• Interconnection flow: Monitoring data flows and how they are interconnected with the rest of the components, transactions, and stakeholders, the company is able to recognize its valuable assets from its secondary resources, in relation to prioritizing security strategies. 

  • Policy definition: Focusing on the stage of interconnection flows, the industry can design access streams, regarding the number of authorized users on specific databases, through specialized applications, as well as the types of authentications required.

  • Trial phases: This is also an experimentation process, in order to highlight vulnerabilities to the initial system. Usually, organizations perform the testing phases on infrastructure layers of lower importance or specialized virtual testbeds for advanced statistics and proposed changes.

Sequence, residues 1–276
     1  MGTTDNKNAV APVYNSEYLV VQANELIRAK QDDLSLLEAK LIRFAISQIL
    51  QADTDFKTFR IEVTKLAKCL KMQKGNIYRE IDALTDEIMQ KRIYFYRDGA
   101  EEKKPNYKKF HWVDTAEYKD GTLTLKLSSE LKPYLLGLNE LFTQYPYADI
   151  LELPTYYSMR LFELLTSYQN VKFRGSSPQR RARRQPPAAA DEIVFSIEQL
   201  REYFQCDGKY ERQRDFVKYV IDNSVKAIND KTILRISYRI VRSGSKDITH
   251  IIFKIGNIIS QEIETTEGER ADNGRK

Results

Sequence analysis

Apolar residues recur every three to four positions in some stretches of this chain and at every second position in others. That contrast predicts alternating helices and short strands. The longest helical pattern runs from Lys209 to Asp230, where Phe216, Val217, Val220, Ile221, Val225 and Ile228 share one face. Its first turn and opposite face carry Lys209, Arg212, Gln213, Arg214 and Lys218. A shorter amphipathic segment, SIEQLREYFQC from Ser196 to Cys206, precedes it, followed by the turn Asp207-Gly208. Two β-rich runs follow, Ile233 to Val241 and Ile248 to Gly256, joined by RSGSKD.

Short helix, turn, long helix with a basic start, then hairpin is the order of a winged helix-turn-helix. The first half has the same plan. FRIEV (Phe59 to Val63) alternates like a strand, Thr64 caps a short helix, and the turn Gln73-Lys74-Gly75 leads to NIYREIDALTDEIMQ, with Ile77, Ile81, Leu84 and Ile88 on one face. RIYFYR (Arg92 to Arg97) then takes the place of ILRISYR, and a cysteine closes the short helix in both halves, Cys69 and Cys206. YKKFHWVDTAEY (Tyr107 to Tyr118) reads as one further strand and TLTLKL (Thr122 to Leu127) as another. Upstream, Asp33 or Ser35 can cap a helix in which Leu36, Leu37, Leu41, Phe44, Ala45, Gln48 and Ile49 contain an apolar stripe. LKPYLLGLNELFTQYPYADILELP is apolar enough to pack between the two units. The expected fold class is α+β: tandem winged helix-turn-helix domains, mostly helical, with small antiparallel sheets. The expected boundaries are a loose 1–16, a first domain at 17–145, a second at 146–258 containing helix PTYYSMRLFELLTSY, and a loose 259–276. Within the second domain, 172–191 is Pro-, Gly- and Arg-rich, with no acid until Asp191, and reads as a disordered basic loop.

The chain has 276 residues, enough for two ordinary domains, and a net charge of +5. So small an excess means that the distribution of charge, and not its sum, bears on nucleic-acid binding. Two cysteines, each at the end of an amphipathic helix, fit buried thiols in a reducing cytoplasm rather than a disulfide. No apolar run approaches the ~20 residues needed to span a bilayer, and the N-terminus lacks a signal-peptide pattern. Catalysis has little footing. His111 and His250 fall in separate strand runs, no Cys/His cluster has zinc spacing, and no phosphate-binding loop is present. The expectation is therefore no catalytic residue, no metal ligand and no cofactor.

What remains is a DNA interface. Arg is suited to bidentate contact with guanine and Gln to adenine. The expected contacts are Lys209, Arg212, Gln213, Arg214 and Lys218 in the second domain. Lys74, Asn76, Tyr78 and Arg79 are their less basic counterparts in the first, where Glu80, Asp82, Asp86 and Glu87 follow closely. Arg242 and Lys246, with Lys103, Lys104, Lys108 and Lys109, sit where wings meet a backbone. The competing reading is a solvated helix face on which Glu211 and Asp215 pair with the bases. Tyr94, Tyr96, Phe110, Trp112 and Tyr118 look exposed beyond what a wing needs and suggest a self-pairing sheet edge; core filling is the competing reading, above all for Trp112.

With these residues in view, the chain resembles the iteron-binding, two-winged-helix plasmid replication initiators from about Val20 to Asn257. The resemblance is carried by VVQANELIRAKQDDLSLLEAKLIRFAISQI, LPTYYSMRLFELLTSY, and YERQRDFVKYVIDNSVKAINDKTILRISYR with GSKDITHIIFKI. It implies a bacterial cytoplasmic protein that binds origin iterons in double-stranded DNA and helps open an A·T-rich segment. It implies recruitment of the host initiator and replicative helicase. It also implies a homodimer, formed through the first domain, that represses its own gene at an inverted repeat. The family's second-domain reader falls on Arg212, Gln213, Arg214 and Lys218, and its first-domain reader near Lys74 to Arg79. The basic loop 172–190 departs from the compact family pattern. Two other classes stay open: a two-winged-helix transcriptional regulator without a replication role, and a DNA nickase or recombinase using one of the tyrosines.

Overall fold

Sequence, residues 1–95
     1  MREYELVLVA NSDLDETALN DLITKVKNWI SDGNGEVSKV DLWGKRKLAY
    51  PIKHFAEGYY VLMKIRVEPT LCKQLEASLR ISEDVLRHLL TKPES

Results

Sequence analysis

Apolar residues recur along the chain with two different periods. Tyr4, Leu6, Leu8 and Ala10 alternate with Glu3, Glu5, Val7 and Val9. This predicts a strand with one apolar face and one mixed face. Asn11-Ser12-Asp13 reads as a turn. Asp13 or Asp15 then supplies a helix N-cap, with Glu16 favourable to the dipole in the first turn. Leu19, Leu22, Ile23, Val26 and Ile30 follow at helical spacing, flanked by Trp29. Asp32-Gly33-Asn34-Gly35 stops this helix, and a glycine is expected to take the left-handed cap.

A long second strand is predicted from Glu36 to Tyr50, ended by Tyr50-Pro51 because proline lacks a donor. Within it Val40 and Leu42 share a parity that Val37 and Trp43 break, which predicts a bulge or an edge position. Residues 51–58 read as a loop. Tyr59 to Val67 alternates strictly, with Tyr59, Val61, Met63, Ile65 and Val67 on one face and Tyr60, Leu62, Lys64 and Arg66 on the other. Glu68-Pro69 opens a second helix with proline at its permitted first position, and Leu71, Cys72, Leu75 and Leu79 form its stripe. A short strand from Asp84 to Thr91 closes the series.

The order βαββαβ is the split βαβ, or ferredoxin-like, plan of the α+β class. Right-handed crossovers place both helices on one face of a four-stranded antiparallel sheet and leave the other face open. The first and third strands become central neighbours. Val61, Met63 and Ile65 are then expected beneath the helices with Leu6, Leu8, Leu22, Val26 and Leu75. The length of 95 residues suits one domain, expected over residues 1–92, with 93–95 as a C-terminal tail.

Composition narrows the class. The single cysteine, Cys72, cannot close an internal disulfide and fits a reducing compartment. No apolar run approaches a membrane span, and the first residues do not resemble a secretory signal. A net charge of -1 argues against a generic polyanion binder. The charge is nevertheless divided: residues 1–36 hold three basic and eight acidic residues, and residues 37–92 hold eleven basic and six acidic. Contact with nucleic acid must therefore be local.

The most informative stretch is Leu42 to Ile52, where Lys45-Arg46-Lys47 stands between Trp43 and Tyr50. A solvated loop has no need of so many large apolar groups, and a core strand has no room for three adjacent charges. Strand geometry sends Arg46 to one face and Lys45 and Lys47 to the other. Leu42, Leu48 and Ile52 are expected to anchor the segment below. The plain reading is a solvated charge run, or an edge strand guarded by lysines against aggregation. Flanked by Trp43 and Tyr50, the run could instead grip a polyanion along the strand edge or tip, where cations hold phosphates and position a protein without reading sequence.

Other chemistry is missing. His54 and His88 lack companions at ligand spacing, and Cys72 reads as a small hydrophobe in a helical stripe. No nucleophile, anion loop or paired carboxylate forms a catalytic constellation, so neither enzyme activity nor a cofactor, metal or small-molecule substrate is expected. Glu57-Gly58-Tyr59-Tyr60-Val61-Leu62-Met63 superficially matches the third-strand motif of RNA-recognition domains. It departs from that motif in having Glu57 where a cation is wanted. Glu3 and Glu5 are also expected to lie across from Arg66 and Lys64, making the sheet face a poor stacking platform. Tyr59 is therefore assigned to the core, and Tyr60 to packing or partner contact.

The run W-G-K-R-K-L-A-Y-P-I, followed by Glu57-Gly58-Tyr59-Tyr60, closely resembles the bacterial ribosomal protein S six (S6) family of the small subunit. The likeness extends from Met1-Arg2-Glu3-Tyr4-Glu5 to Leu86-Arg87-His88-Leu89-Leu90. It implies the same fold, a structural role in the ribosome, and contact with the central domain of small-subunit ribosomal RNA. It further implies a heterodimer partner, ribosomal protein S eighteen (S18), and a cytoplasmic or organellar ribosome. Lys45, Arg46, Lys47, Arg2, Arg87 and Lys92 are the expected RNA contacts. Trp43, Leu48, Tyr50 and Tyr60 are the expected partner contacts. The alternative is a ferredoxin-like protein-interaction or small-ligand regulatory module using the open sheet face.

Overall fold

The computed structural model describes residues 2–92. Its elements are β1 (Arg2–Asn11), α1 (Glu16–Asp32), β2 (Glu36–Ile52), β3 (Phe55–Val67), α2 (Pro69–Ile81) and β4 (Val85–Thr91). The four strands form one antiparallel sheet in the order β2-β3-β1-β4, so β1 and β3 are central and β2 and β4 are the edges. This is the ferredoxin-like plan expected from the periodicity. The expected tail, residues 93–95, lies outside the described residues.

• Further development and updating: Depending on the results of the testing phase, further evaluation could be implemented before an official installation of the Zero Trust architecture. There are possibilities about replacing essential or secondary components, further enhancing existing ones, or completely removing them.


In this blog post, we thoroughly examined the architecture, principles, and implementation of a Zero Trust model. 

One could assume that it is a strict and highly defensive concept since it treats any connected or cataloged device as a potential threat to the infrastructure and organization’s system. However, it is significantly adaptable according to the company’s needs, while providing solutions both as prevention and active defense.

Thus, paying attention to the current technological trends and potential upgradeability of such models can ensure fully functional protection with a minimal negative impact on a valuable corporation system.

Shawn Maholick

Shawn Maholick

Seasoned Tech Expert and Software Developer Sharing Insights on Organizational Scalability and Sustainable Practices for the Modern Tech Landscape.